The theology of the piece is all Rick’s: he is a proud member of Trinity Church (who commissioned the piece) and a Believer, while I am not. His take is that faith—or spirituality—and science need not be separate things, and his text reflects that, even kind of makes a case. My job was to make it sing, spin, and shine. As to the discreet things he mentions, I saw the whole thing as a kind of morass of longing, the longeurs of the rational-spiritual who were not by nature skeptics, and all of the individual things he mentions are kind of like accumulated evidence, lists and lists and more lists. It was, to me, the overarching concatenation of these things crossed with the in-stone Latin text that made the piece—the mere assembly of phenomena gyrating simultaneously makes one question how some kind of design could be absent. As for technology, I think it is a funny notion that I am likely the most acoustic-only composer on the project: my experience with electronics beyond email and a notation program include a course in the Buchla Synthesizer I took some 22 years ago at Aspen.

You’re a man who frequently writes music about women, or music for women to sing when they take on the role of your characters. What are some of the challenges that this presents? In particular, I’d love to hear what turning Jennie Ketcham (a retired porn star) into a character was like for your opera She, After. As seen in Leon and Marilyn Klinghoffer’s daughters’ reactions to The Death of Klinghoffer, turning real people into operatic characters can be tricky business.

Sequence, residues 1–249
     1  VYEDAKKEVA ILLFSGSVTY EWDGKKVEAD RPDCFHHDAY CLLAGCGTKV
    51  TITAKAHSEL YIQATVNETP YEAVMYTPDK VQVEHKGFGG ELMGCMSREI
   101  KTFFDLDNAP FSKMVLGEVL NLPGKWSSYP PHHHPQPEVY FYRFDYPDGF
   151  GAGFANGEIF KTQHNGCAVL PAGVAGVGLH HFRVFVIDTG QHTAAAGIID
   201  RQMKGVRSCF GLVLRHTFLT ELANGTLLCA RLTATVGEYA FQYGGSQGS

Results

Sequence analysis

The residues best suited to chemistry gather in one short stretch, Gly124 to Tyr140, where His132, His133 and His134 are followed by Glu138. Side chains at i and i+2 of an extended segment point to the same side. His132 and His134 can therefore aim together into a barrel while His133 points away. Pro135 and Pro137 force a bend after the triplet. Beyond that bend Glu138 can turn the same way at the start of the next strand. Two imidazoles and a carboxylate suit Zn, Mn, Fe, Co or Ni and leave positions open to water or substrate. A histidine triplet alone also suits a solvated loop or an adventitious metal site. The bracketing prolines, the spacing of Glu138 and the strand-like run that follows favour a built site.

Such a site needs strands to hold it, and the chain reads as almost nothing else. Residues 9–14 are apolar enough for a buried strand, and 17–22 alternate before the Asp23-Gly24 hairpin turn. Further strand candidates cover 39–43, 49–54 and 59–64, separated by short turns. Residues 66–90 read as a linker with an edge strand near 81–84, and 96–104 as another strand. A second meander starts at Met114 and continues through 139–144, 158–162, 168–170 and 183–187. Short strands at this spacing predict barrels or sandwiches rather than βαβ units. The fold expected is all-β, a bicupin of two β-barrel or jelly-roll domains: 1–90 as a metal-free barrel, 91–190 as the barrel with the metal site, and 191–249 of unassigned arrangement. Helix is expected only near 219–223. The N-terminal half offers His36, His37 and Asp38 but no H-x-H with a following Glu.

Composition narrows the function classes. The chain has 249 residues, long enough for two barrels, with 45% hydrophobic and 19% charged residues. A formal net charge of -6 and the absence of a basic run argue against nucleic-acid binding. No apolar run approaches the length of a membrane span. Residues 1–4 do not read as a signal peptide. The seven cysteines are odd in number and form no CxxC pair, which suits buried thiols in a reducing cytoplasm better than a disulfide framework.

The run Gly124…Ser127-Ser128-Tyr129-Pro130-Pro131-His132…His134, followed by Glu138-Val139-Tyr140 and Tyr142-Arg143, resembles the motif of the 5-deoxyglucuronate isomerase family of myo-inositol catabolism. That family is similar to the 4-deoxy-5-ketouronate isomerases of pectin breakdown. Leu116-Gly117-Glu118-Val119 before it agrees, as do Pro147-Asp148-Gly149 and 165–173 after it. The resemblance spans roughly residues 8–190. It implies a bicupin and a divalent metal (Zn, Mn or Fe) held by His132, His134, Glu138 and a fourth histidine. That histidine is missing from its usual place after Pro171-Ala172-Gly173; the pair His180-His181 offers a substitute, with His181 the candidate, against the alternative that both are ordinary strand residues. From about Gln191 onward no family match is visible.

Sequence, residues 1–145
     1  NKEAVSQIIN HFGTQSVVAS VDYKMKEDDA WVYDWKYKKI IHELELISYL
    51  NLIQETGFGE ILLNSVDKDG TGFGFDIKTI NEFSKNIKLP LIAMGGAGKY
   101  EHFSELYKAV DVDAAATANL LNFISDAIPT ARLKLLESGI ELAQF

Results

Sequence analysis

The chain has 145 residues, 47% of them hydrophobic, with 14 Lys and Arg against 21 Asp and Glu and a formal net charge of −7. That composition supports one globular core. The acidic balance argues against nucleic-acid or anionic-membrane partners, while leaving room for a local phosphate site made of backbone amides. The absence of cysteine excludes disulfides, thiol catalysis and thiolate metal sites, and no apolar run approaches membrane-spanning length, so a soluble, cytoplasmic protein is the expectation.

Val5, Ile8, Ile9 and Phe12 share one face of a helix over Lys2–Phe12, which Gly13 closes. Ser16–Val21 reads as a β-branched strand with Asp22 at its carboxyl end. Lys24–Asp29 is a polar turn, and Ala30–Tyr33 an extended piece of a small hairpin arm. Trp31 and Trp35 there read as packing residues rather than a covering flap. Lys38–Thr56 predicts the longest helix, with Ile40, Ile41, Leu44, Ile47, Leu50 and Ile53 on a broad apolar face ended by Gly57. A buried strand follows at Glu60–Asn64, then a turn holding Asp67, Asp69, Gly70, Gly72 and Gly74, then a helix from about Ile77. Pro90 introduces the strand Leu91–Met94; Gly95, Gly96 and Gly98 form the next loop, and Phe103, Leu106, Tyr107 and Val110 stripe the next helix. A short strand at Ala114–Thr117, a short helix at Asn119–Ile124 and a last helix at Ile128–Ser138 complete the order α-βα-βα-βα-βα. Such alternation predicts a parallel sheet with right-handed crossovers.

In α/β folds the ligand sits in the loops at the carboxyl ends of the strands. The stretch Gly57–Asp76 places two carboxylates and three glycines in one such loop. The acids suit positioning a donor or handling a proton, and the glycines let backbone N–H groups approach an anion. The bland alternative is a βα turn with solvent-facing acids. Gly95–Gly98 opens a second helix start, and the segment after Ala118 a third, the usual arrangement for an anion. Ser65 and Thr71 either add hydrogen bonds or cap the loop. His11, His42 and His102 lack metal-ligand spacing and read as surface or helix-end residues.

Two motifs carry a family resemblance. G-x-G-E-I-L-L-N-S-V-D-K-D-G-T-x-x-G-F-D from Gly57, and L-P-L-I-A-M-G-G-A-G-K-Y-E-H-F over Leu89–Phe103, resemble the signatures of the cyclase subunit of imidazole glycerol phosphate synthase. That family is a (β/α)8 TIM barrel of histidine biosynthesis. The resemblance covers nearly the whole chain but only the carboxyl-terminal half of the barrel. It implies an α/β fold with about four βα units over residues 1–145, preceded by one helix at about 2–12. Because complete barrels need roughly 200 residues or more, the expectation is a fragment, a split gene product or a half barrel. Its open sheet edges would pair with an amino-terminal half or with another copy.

I do write a lot about women because I have been lucky enough in my life to be surrounded by the most incredible women, and I’ve always been dazzled by how their stories, or even the stories told from their perspective, are still such a small part of our narrative. But it is not about me heroically righting some massive cultural wrong (I am not and want no credit for anything like that) but rather me trying to understand the near-incomprehensible; as an artist it is my job to wrestle with questions, even impossible ones. And while I don’t think my work is “issue oriented,” I do think that the personal choices are political, and in trying to become a better ally and make a better world (with my own limited impact) on this minority who is actually a majority, I write a lot of work that seeks them out from my own flawed position.

She, After was a constant challenge, but none of the three monodramas that comprise the work was as tough to manage as converting Jennie into the stage character that is “Her.” The main difference between what I did and what happened in Klinghoffer, say, is that Jennie was and is my collaborator, and also my trusted friend, so it was not me making her into a fictional stage character, it was us. Everything was done with open communication and honest consent. Your question outlines the whole point of that segment (called “When She Was Her”): the person that is now my friend Jennie Ketcham is of course different than the character both on stage and the role she played in her previous career. The piece centers around a real character making herself into a fictional version of herself—the text addresses how she did a whole lot of pretending in her youth to make herself into the kind of woman that might be desirable (based on the, as we all know, impossible standards)—and as she is explaining this, she takes off her clothes and from this honest naked point of view transforms herself into the fictional character that will go in front of the cameras. So the fictional-nonfictional aspect of all this becomes the defining double act of the piece.